But there's one thing I'd already learned in the past that I've had to employ yet again this time around: Be willing to cut. In my writing career there have been plenty of scenes, and even characters, that I've written and then ended up leaving behind at some point, knowing full well that the integrity of the plot would be improved by doing so.
And it can be tough! When I write something in the first place there's usually a good reason for it, so it's hard to just scrap the idea. Not to mention the fact that I've spent time working on it, and it's never fun to just get rid of something I once spent an hour or more creating.
Then again, it's tougher to watch the novel suffer due to self-indulgence. Maybe I wanted to see a particular event or conversation take place, but ultimately it's the overall project that I'm most concerned about. I figure I'd rather throw some of these things to the cutting floor if it means a better book in the end.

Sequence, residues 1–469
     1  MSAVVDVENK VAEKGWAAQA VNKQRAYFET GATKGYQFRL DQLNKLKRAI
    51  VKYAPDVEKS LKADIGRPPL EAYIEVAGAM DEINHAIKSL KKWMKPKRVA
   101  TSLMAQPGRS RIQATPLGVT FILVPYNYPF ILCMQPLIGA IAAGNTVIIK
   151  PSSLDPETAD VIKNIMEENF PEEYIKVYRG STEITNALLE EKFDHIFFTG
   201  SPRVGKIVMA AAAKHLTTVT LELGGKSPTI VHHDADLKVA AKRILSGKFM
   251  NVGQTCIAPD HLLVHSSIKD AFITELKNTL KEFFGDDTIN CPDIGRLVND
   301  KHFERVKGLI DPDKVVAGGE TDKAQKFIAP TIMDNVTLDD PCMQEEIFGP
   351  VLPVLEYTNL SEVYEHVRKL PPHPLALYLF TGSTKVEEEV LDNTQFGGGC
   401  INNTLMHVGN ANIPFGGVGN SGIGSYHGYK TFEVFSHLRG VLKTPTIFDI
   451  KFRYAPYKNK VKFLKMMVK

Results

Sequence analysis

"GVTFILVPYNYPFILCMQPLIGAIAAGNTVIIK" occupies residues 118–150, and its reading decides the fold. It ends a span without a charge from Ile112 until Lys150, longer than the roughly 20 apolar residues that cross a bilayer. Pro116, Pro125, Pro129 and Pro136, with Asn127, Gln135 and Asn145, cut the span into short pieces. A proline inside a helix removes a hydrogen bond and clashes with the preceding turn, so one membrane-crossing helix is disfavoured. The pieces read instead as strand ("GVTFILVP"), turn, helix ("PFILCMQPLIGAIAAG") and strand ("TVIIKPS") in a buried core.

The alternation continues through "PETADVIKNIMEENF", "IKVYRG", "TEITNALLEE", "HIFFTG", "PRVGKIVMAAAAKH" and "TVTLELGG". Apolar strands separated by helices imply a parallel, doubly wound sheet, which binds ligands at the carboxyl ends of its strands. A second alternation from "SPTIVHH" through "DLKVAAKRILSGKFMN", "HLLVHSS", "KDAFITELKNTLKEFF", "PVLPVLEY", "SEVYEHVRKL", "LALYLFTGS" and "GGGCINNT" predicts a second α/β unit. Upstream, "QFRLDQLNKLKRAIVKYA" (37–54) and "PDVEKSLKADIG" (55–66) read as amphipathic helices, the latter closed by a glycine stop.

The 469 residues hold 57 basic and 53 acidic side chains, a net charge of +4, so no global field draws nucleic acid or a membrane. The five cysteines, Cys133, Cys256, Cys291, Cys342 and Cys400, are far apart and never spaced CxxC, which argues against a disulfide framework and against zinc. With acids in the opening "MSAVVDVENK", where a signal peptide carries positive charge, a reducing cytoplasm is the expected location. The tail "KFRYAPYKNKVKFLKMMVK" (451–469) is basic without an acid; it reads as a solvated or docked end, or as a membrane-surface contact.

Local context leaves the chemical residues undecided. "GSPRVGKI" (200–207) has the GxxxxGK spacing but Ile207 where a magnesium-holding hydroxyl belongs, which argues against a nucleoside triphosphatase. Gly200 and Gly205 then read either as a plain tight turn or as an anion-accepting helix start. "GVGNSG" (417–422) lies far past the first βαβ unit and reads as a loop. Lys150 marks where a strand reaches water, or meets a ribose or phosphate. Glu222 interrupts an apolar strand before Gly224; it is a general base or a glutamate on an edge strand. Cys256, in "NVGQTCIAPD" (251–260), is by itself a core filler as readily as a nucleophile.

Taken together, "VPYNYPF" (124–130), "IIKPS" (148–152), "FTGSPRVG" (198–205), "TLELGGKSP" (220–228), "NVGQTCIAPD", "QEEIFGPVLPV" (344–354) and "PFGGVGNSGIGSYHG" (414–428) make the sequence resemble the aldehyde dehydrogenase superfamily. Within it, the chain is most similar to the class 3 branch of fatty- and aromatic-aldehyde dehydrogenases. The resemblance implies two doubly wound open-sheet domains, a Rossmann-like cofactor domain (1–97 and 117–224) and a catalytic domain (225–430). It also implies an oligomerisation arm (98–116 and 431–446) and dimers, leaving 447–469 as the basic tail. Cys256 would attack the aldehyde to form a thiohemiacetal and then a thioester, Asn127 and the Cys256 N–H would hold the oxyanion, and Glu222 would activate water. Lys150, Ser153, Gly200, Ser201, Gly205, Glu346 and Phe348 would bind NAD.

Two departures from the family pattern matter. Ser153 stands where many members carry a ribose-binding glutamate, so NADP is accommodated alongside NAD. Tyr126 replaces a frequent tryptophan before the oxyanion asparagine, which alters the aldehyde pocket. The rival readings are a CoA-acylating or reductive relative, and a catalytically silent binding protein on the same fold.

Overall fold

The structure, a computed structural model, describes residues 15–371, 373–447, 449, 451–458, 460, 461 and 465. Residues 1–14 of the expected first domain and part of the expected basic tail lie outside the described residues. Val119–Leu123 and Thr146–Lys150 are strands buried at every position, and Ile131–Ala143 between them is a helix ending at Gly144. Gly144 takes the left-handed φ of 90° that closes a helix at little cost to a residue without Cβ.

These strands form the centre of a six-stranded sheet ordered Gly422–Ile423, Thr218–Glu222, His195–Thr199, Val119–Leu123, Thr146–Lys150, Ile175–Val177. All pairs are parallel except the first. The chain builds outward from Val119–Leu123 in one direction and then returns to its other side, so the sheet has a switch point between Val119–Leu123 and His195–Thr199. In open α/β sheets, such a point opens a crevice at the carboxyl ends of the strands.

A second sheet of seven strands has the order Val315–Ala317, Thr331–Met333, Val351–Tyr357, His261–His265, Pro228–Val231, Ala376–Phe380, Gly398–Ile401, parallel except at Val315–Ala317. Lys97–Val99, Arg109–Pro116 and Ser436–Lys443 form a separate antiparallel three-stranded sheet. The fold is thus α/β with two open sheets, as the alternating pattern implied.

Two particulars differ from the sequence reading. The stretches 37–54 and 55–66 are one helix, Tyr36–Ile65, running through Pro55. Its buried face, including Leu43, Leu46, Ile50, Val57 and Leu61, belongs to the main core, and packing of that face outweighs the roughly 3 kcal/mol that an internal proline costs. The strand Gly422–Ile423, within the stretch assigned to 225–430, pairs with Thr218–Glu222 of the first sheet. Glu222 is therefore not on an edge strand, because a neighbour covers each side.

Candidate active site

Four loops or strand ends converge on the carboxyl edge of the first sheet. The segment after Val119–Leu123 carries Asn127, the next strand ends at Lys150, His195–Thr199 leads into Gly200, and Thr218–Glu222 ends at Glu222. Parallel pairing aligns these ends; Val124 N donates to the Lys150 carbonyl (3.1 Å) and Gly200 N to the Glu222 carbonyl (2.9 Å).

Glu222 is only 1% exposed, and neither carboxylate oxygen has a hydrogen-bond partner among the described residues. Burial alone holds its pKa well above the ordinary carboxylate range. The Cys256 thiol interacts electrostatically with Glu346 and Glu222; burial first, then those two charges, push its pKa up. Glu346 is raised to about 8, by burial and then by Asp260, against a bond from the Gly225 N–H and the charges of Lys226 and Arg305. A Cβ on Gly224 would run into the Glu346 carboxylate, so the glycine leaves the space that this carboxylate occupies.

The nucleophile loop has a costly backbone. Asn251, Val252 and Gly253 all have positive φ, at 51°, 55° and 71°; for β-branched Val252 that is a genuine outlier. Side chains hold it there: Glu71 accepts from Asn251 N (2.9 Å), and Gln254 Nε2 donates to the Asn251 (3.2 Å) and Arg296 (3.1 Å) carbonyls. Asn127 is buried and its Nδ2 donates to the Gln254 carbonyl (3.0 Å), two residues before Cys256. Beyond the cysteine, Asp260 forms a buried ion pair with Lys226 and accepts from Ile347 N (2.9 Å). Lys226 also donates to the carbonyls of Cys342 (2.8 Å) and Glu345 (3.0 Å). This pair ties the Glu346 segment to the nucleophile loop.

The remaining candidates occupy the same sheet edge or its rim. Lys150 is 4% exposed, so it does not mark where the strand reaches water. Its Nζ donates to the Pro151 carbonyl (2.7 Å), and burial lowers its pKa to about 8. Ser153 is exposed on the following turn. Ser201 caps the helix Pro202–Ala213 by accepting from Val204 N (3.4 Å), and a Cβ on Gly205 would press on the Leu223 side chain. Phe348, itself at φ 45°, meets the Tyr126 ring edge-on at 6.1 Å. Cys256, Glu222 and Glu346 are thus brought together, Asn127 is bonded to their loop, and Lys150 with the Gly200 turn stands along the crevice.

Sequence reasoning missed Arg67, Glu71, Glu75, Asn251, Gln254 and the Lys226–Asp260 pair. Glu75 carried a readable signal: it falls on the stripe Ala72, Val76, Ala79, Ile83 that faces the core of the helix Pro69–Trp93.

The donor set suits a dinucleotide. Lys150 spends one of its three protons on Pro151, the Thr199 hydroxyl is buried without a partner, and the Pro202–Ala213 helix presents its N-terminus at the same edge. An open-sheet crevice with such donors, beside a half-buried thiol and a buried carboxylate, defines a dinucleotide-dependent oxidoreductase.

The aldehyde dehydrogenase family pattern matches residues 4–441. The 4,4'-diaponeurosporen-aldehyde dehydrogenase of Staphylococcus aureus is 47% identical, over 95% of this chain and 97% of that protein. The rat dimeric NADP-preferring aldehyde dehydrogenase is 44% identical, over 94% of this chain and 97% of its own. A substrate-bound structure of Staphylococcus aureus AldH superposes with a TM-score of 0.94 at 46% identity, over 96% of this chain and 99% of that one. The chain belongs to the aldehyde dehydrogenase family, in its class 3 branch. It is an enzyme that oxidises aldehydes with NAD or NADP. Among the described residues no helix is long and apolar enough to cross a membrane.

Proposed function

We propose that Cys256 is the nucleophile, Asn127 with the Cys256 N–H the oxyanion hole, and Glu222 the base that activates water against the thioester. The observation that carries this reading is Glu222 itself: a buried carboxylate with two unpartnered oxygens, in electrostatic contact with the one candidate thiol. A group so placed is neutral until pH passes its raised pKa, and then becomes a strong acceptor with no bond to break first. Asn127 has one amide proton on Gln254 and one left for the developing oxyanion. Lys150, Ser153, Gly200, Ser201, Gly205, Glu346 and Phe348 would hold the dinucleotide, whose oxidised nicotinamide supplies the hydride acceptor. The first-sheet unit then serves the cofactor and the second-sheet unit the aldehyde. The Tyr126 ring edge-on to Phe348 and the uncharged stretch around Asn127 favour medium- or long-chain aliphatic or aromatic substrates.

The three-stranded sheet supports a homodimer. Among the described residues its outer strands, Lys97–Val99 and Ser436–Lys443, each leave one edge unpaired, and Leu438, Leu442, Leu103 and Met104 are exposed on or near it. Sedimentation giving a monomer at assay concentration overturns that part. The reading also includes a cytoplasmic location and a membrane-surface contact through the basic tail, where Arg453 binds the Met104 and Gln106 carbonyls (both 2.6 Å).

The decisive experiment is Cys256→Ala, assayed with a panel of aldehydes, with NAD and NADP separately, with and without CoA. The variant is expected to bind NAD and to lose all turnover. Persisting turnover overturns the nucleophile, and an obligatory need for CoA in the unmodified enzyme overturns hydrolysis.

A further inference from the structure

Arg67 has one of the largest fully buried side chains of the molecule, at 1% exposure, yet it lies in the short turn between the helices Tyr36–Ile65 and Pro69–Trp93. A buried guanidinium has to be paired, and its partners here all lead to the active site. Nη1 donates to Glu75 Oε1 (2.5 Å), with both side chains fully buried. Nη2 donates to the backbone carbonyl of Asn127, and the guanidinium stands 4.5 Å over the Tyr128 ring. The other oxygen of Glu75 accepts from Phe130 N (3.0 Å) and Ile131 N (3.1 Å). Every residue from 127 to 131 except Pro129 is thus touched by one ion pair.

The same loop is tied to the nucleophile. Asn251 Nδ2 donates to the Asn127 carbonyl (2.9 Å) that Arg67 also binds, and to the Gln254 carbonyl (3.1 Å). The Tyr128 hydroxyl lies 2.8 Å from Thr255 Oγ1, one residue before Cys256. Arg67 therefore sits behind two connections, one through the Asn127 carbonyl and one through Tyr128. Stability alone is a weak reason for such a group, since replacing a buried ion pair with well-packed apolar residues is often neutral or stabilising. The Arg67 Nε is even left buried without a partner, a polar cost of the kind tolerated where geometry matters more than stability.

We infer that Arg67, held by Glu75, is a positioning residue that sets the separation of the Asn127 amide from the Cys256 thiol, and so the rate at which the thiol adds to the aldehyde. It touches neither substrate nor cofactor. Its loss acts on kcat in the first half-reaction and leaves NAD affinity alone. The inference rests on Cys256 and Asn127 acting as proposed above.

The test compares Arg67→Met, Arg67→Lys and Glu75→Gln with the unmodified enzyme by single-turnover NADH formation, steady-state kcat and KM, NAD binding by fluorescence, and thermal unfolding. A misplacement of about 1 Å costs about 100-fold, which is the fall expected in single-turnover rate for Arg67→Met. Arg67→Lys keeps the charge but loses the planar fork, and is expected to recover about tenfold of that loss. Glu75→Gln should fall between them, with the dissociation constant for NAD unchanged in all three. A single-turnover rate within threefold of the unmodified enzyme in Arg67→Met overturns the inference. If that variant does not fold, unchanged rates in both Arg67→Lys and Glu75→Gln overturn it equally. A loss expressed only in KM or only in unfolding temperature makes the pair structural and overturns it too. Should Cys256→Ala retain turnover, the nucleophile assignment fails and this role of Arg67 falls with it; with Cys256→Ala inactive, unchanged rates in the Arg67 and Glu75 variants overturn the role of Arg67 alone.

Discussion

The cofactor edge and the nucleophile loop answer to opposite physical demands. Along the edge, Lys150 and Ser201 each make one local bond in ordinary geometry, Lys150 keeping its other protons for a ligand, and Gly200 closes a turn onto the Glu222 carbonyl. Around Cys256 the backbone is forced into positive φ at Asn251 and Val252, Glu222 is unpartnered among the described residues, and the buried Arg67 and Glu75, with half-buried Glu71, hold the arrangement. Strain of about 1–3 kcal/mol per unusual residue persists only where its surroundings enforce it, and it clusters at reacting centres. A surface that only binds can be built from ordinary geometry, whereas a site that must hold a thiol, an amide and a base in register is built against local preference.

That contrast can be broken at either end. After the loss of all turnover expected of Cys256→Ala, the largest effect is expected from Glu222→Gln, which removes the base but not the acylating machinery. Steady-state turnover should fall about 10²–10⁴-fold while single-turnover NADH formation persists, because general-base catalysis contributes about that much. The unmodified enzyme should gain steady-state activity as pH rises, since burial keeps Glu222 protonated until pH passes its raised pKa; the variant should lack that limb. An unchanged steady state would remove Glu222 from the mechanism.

So if you're working on something, don't be afraid to do some trimming when necessary. Always look at the big picture, not just one narrow angle. It may hurt to say goodbye, but in the end you'll be glad you did.
- Completely off the subject, I'm excited to announce that Fireflies in December is a finalist for general fiction in the Retailers Choice Awards. I'm incredibly honored by the nomination! Winners will be announced later this week.